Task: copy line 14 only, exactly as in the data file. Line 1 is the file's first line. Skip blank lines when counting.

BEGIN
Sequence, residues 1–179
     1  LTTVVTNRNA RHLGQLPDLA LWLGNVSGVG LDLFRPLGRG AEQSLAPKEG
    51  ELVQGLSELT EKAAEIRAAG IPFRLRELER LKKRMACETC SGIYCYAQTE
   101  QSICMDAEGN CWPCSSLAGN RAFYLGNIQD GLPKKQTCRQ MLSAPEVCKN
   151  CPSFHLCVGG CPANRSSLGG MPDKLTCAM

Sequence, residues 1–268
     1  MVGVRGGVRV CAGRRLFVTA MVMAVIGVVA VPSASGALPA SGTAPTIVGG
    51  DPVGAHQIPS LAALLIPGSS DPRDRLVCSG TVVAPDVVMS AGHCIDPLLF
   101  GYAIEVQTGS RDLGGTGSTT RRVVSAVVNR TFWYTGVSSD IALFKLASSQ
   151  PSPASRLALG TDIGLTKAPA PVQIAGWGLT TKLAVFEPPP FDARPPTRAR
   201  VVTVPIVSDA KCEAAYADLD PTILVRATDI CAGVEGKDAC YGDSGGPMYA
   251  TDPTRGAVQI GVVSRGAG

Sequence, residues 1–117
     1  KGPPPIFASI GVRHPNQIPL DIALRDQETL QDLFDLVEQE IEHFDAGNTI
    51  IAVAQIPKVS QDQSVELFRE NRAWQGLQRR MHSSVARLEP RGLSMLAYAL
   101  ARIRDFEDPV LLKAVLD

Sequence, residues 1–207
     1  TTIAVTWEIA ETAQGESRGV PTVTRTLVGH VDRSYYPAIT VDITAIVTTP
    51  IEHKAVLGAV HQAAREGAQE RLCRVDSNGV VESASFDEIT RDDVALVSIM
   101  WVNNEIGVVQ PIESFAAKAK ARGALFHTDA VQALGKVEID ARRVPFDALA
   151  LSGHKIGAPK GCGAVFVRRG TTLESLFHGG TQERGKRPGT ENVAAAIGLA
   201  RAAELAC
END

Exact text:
     1  KGPPPIFASI GVRHPNQIPL DIALRDQETL QDLFDLVEQE IEHFDAGNTI